Dance was part of the instruction, and a ballet de cour was traditionally given at the distribution of prizes in August, when the king was sometimes present. The ties with the monarchy were also sometimes reflected in the choice of subject; for example, in 1660 the Ballet du lys et de l’impériale accompanied Dozenne’s Clementia christiana and celebrated Louis XIV’s marriage. Collasse and M.-A. Charpentier were among the composers of Jesuit stage works. Occasionally from 1684 onwards, true operas (with coherent plots) were performed, still following the intermède pattern of intercalation. Thus, Charpentier’s David et Jonathas (1688) was given with Chamillart’s Latin tragedy Saül. Later, Campra contributed to numerous Jesuit works, but all the music appears to be lost. Indeed the French tradition was lost with the suppression of Jesuit colleges and their expulsion from the kingdom (1761–2).
In German-speaking lands, Jesuit dramas were most assiduously cultivated in Bavaria and Austria, where the order controlled most Gymnasia. Professional actors were very seldom involved, since a major purpose of the dramas was to train students in Latin in particular and in rhetoric and deportment in general. Normally responsibility for producing the text fell to a senior professor of rhetoric, who, like librettists of the day, also supervised its staging. Performances, given at the end of the school year (usually September), could be held out of doors for a large audience or ‘in aula’ for a smaller group. Some lasted up to eight hours. Synopses, called Periochen, were distributed for those who did not understand Latin.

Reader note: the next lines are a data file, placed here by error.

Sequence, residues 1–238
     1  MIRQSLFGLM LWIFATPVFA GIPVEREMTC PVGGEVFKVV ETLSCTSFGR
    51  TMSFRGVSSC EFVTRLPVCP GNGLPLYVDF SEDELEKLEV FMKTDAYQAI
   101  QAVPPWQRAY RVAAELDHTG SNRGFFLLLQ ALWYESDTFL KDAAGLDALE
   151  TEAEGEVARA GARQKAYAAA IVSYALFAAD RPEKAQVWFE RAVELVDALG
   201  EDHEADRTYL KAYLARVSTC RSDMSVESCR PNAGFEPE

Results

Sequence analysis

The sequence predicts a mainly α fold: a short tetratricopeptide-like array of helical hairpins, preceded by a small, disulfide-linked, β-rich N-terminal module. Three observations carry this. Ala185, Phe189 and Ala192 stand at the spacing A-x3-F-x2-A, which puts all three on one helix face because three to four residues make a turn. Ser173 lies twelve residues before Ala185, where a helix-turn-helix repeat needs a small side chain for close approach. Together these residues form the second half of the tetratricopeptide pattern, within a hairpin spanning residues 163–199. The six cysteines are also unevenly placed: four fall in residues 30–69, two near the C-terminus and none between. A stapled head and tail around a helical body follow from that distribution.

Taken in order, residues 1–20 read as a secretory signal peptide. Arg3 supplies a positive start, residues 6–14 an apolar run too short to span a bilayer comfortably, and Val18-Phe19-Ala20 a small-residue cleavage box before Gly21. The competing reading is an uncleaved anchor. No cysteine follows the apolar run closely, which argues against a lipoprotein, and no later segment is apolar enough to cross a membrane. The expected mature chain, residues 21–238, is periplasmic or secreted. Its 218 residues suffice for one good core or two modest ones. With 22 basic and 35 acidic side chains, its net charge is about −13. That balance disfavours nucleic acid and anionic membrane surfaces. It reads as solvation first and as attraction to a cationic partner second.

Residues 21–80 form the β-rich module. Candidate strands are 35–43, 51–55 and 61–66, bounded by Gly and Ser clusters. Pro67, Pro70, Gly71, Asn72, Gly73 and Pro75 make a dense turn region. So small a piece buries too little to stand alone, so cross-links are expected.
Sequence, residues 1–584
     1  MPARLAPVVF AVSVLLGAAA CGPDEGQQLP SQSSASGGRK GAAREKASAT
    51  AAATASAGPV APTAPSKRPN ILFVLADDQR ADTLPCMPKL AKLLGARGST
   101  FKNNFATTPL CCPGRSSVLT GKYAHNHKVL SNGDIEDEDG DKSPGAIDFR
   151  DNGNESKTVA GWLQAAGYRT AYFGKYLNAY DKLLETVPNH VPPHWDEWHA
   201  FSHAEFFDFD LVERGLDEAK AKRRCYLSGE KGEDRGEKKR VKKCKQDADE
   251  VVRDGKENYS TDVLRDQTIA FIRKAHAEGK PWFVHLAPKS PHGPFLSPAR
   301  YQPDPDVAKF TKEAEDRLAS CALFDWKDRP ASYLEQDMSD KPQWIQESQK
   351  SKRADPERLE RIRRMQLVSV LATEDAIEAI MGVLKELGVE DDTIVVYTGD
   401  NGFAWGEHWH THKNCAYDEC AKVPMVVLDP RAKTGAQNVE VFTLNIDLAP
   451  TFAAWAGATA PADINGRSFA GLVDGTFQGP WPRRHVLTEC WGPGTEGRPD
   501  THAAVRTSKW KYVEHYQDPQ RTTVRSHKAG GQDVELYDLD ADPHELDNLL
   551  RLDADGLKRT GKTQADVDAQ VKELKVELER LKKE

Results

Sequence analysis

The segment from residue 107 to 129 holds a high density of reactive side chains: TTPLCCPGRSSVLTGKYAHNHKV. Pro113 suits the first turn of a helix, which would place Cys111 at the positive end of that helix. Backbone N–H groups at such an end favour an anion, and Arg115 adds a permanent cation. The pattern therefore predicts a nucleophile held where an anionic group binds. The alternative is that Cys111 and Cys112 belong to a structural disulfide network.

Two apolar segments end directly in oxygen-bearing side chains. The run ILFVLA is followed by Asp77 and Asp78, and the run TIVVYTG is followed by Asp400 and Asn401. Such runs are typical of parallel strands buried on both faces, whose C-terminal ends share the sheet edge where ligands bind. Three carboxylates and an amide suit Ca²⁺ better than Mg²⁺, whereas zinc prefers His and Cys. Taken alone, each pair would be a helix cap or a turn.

No means of enhancing the visual and emotional impact on the faithful was overlooked. After 1600, dramas began borrowing techniques from opera, including stunning stage effects where practicable, for example in the 27 dramas written by Nikolaus Avancini (1612–86) for Vienna. Authors did not shrink from presenting grisly scenes; in a play performed at Graz in 1640, for instance, an image of Jezebel composed of blood, bones and pieces of meat was torn to pieces on stage by dogs. Crowd scenes, processions, ballet, pantomime, intermedi and choruses also made their way into the Jesuit drama in the early 17th century. Solo numbers ranged from simple folksongs and aria-like laments to hymns, frequently sung during representations of acts of martyrdom.
In 1655, a large theatre built by Ferdinand III for the Jesuits, with elaborate stage machinery, was opened at the University of Vienna, with a lavish hall accommodating 3000 and a musicians’ gallery. Initially the dramas were in Latin; from 1665 German was used in comic interludes. Musical and spoken portions were, by the end of the century, of approximately equal length and importance. The dramas used the same types of form and idiom as contemporary opera, including recitatives, arias and ensembles. Notable composers of Jesuit dramas were J. C. Keril, whose five-act Pia et fortis mulier was given for Leopold I in 1677, and F. T. Richter.
Jesuit involvement with school drama ceased with the suppression of the order by Pope Clement XIV in 1773. When the Society was restored in 1814 it continued its central commitment to education, but without its former degree of emphasis on dramatic presentations.